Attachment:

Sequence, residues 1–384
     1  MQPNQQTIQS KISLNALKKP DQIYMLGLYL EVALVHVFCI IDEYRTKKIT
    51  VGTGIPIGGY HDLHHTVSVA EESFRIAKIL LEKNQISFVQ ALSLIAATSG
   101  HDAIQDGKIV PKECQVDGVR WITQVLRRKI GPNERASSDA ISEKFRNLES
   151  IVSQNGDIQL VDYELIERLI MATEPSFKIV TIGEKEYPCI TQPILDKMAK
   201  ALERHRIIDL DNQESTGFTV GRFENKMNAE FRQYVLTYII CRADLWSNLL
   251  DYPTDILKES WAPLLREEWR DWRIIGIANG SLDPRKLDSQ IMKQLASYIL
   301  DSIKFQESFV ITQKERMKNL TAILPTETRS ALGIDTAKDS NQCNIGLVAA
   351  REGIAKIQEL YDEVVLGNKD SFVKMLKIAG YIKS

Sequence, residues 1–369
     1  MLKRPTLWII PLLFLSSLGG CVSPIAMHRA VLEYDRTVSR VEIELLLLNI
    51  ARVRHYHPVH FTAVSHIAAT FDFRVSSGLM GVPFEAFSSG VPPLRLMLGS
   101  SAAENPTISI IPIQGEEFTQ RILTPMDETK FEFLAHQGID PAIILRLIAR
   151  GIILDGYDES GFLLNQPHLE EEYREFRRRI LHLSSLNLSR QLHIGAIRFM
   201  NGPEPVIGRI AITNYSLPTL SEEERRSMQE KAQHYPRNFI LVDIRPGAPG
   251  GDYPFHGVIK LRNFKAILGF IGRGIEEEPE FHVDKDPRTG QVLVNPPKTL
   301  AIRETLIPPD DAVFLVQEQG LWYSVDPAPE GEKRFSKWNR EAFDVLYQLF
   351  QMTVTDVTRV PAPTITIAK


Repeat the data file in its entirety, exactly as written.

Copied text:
Sequence, residues 1–384
     1  MQPNQQTIQS KISLNALKKP DQIYMLGLYL EVALVHVFCI IDEYRTKKIT
    51  VGTGIPIGGY HDLHHTVSVA EESFRIAKIL LEKNQISFVQ ALSLIAATSG
   101  HDAIQDGKIV PKECQVDGVR WITQVLRRKI GPNERASSDA ISEKFRNLES
   151  IVSQNGDIQL VDYELIERLI MATEPSFKIV TIGEKEYPCI TQPILDKMAK
   201  ALERHRIIDL DNQESTGFTV GRFENKMNAE FRQYVLTYII CRADLWSNLL
   251  DYPTDILKES WAPLLREEWR DWRIIGIANG SLDPRKLDSQ IMKQLASYIL
   301  DSIKFQESFV ITQKERMKNL TAILPTETRS ALGIDTAKDS NQCNIGLVAA
   351  REGIAKIQEL YDEVVLGNKD SFVKMLKIAG YIKS

Sequence, residues 1–369
     1  MLKRPTLWII PLLFLSSLGG CVSPIAMHRA VLEYDRTVSR VEIELLLLNI
    51  ARVRHYHPVH FTAVSHIAAT FDFRVSSGLM GVPFEAFSSG VPPLRLMLGS
   101  SAAENPTISI IPIQGEEFTQ RILTPMDETK FEFLAHQGID PAIILRLIAR
   151  GIILDGYDES GFLLNQPHLE EEYREFRRRI LHLSSLNLSR QLHIGAIRFM
   201  NGPEPVIGRI AITNYSLPTL SEEERRSMQE KAQHYPRNFI LVDIRPGAPG
   251  GDYPFHGVIK LRNFKAILGF IGRGIEEEPE FHVDKDPRTG QVLVNPPKTL
   301  AIRETLIPPD DAVFLVQEQG LWYSVDPAPE GEKRFSKWNR EAFDVLYQLF
   351  QMTVTDVTRV PAPTITIAK